This is not a homework, I simply have to write some code and it appears my math skills are a bit rusty ;-).

What I have: main point in 2d of the 2d surface, and main point counterpart in 3d plus the normal vector to the 3d surface. I also have 3d counterpart of (0,1) vector from 2d.

My input is some point in 2d and my objective is to compute its coordinates in 3d. How to do it?

If you wonder what is it -- it is quite simple, I have my screen, as usual, the user clicks on the screen, so I have my (x,y) for the mouse coordinates and I have to take the screen surface and shift+rotate it in 3d to get the center of screen located in the "main" point (camera) in 3d and then find out the coordinates of the mouse click in 3d on this rotated surface.

This would give infinite number of solutions, but I also have given the 3d counterpart of (0,1) vector and the normal vector to the 3d surface (the direction of view) so it should be doable (I mean with 1 outcome).

  • $\begingroup$ Please describe the rotated surface that the mouse click is projected onto. Is it a plane? A sphere? A Mickey Mouse head? $\endgroup$
    – vadim123
    Feb 12 '14 at 14:35
  • $\begingroup$ @vadim123, it is still a surface (flat) in such way, that let's say my (0,1) vector is transformed into vector UP (in 3d). UP is given as input (it is known). $\endgroup$ Feb 12 '14 at 14:39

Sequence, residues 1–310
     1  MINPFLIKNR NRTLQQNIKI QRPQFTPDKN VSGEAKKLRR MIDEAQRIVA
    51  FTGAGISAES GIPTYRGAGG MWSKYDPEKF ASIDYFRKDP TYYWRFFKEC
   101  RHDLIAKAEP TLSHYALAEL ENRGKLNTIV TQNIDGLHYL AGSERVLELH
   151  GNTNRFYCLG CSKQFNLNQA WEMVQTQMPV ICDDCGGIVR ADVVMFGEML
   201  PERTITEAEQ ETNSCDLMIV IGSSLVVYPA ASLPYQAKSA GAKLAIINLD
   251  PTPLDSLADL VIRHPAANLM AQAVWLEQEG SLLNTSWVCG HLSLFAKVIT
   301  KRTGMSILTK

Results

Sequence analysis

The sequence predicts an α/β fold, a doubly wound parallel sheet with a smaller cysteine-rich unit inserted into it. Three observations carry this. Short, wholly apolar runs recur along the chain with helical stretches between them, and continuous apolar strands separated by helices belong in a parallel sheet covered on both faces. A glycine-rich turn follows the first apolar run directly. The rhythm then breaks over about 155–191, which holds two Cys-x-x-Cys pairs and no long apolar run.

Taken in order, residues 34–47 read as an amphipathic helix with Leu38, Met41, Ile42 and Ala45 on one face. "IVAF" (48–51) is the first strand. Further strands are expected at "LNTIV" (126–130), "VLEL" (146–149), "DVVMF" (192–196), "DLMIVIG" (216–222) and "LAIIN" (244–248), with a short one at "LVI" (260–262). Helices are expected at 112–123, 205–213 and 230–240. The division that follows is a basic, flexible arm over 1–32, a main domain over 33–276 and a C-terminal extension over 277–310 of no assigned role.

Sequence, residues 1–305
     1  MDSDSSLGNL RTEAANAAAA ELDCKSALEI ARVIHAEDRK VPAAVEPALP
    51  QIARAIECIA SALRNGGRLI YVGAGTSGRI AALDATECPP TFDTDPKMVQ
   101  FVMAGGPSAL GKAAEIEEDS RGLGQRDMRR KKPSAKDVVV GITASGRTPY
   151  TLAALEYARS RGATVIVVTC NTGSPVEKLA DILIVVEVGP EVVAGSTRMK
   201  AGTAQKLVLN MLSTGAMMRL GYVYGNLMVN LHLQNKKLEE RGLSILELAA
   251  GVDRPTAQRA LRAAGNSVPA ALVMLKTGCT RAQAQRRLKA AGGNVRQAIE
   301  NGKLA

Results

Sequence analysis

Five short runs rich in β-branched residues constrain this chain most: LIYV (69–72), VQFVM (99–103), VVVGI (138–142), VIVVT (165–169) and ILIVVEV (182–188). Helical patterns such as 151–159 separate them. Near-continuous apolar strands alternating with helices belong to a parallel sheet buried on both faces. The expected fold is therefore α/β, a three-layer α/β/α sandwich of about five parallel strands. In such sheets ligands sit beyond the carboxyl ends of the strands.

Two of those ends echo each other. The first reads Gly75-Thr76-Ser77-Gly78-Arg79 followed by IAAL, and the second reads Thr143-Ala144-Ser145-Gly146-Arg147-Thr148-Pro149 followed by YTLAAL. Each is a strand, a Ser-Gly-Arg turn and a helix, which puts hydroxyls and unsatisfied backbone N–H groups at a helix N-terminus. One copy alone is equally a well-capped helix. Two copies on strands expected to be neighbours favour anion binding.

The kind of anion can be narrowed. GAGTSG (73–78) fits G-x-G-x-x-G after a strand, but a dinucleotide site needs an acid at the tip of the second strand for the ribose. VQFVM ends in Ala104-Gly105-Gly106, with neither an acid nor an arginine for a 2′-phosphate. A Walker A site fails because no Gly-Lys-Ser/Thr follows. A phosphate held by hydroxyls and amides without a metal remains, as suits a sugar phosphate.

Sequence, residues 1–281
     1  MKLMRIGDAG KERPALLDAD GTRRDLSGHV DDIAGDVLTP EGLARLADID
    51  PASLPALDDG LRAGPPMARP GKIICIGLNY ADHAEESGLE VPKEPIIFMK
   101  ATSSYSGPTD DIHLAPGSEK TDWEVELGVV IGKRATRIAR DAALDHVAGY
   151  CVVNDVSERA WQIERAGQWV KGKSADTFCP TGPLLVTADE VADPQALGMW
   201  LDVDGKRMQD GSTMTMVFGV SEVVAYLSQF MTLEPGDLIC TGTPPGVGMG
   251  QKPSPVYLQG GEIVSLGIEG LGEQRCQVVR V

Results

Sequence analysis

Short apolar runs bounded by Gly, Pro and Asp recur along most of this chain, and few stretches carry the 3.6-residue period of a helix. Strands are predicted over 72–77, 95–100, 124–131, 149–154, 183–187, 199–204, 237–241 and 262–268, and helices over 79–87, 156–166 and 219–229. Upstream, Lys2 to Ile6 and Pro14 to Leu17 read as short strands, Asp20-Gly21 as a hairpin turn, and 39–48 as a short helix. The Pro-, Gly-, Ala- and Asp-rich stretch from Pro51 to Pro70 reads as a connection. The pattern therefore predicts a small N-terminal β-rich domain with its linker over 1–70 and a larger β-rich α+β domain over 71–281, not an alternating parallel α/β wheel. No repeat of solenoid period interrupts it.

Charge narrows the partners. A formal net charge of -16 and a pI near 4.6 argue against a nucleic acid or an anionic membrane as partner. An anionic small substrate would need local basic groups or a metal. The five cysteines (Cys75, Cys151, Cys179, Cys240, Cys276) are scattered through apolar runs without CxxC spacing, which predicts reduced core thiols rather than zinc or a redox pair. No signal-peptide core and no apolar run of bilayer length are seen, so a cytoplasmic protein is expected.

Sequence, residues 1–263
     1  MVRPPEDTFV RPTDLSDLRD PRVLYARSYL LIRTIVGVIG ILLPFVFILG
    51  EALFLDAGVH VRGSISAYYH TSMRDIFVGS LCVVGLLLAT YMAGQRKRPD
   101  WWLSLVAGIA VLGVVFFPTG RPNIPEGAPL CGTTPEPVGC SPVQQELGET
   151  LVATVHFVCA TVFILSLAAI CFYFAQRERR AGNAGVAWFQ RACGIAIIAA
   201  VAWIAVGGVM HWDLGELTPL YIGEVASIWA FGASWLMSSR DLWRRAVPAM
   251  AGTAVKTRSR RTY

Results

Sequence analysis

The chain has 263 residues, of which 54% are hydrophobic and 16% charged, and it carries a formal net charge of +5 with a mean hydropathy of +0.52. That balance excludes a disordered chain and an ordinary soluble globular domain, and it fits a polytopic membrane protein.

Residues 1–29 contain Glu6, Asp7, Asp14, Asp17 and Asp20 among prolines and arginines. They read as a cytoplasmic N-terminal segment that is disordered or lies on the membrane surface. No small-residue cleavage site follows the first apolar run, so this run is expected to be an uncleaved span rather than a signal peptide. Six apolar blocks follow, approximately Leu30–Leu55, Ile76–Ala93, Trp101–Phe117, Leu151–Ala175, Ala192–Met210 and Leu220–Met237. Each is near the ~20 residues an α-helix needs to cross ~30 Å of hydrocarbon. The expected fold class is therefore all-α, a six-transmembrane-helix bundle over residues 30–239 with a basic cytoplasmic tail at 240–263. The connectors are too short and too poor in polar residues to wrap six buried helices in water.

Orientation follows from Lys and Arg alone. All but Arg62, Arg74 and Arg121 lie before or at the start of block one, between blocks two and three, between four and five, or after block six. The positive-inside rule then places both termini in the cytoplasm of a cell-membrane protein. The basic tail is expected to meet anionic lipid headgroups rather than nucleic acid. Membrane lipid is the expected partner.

• $\begingroup$ Please have a look here : en.m.wikipedia.org/wiki/3D_projection $\endgroup$
    – Yiyuan Lee
    Feb 12 '14 at 14:45
  • $\begingroup$ Not enough info to find a unique solution, IMO. $\endgroup$
    – bubba
    Feb 12 '14 at 14:45
  • $\begingroup$ @YiyuanLee, for the record I am for a "mapping" 2d into 3d (while 3d projection is mapping 3d into 2d) $\endgroup$ Feb 12 '14 at 15:00

I assume that by “surface” you actually mean plane.

You can compute the cross product between the image of the $(0,1)$ vector and the normal vector of the 3d plane. That will be a vector orthogonal to both, which you can then consider as the image of the $(1,0)$ vector.

You can then interpret each point $(x,y)$ in the plane as $x\cdot(1,0)+y\cdot(0,1)$ and translate this to 3d as $v_0 + x\cdot v_x + y\cdot v_y$. If your “main points” are not the origin of their respective coordinate system, you'd first subtract the 2d “main point”, then do the above conversion to 3d, then add the 3d “main point”. All of this would establish a Cartesian coordinate system on a given plane in 3d.

The “main point” in 3d should however not be the location of the camera, but should instead be a point on the plane. And if your coordinates are coordinates as seen by the camera, then a simple Cartesian coordinate system is not what you need. Instead you'd have to take care of perspective deformations. For that you'd need more information than you provided.

  • $\begingroup$ Absolutely great! Thank you very much for the solution and all the remarks -- they will be very helpful when debugging the code. $\endgroup$ Feb 13 '14 at 7:46

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